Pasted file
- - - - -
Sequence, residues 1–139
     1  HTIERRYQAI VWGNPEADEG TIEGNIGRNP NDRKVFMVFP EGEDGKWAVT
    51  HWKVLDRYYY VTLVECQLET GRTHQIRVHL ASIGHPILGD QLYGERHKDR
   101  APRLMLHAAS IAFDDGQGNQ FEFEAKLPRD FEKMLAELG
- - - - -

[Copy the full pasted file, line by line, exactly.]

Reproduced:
Sequence, residues 1–139
     1  HTIERRYQAI VWGNPEADEG TIEGNIGRNP NDRKVFMVFP EGEDGKWAVT
    51  HWKVLDRYYY VTLVECQLET GRTHQIRVHL ASIGHPILGD QLYGERHKDR
   101  APRLMLHAAS IAFDDGQGNQ FEFEAKLPRD FEKMLAELG